Titleist Pro V1 celebrates 15th anniversary

Little did anybody know in October 2000 that the Titleist Pro V1 golf ball would become one of, if not, the most revolutionary products in golf equipment history.

Fifteen years ago, at the Invensys Classic at Las Vegas (now the Shriners Hospitals for Children Open), 47 players switched to the new multi-component, solid technology Pro V1 the first week it was available.

Titleist Pro V1 celebrates 15th anniversary Titleist Pro V1 celebrates 15th anniversary

Las Vegas was the first event in which Tour players could play Pro V1 in competition after it was added to the Fall 2000 Edition of the USGA Conforming Golf Ball List.

Today, Pro V1 and Pro V1x are the most played and best-selling golf ball models around the world. Two out of every three players across the worldwide professional tours tee up a Pro V1 or Pro V1x, and the percentages are even higher at major men’s and women’s global amateur events, the NCAA Championships and competitive boys’ and girls’ junior championships.

“The Pro V1 responded to the changing nature of the game,” said Mary Lou Bohn, Vice President, Golf Ball Marketing and Titleist Communications “The arrival of the power game on the tour necessitated golf balls that delivered very low spin in the long game, while maintaining the spin, feel and control of the premium liquid centre, wound technology golf balls.”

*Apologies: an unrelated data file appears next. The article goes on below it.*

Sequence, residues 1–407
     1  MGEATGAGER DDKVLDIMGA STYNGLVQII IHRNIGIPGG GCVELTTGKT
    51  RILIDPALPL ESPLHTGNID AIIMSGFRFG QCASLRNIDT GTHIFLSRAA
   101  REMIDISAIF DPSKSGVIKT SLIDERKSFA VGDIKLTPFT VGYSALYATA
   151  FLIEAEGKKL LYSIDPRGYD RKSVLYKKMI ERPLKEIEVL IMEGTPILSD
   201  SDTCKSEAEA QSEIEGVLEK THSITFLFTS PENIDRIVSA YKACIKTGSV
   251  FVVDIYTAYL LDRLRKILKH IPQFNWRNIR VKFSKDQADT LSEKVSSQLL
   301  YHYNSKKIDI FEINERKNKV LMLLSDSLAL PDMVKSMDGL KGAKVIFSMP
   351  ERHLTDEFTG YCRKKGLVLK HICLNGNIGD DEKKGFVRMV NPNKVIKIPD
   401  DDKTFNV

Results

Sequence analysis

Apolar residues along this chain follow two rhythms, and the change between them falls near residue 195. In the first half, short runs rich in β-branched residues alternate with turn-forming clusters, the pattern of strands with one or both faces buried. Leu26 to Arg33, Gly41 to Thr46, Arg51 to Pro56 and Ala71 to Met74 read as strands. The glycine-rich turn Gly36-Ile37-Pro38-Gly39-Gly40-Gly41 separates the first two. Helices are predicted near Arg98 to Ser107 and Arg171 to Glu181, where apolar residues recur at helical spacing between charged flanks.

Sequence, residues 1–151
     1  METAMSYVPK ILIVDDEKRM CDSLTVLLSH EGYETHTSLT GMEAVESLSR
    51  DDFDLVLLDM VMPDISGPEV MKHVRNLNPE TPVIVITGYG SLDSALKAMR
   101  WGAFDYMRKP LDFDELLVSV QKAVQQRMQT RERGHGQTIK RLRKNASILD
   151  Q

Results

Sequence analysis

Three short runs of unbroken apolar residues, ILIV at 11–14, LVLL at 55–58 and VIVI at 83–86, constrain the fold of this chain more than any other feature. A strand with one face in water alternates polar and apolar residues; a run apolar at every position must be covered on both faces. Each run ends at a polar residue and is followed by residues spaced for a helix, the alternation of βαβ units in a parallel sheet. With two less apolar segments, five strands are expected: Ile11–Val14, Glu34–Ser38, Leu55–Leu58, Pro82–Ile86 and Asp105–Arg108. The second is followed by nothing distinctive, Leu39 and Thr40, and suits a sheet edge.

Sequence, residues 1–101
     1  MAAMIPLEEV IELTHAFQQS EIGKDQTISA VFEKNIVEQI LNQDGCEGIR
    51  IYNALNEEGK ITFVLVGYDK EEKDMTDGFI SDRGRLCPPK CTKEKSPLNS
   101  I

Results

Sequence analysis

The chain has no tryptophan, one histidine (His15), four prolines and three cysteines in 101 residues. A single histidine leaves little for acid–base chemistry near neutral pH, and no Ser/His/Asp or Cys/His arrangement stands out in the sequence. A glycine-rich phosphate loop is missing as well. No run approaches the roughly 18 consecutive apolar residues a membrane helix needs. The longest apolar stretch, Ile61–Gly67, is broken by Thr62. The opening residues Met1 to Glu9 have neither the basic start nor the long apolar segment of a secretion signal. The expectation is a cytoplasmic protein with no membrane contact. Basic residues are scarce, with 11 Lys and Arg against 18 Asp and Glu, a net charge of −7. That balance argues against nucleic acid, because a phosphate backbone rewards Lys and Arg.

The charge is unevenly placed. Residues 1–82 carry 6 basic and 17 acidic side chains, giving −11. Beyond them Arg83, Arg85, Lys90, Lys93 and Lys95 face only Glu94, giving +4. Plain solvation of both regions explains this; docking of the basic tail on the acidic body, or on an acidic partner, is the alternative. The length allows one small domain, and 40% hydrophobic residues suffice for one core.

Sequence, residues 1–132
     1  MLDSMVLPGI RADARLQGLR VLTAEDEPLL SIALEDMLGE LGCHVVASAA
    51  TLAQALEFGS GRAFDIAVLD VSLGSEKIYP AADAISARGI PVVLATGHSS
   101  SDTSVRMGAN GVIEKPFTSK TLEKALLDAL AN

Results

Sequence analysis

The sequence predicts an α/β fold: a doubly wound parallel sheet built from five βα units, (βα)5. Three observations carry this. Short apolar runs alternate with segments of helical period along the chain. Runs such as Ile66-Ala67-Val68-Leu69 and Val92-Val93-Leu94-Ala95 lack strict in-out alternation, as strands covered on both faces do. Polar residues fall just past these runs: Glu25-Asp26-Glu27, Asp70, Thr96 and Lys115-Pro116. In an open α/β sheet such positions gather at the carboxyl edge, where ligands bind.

To put things into perspective, Titleist Brand Ambassador Jordan Spieth, recently named PGA TOUR Player of the Year, was seven years old when the Pro V1 debuted in 2000 and is among several young Titleist golf ball loyalists who have never played anything but Pro V1 or Pro V1x in competition.

“I’ve been playing the Pro V1 or Pro V1x since I was 12 years old and started playing competitively,” said Spieth. “That is when I made golf my number one sport and wanted to shoot the lowest scores possible. I haven’t played another ball in competition since then. I think everybody that took the game seriously, at least my peers at the time, all wanted to play the Pro V1 or Pro V1x.”

WHY “Pro V1?”: One of the questions Bill Morgan got most after the launch of Pro V1 – and still gets to this day – is, “What does Pro V1 mean?”

“We didn’t know what to call it,” said Morgan. “The leading tour-played ball at the time was the Titleist Professional. We were coming up to the USGA deadline for getting balls on the conforming list, so I just put an interim stamp on for submission and I figured we would work out what to officially call it later.”

“I wrote Pro for Professional, V for the ‘Veneer Project’ that it was called in R&D, and the number 1. I absolutely thought we would change the name but the players said they loved it – so it stuck.”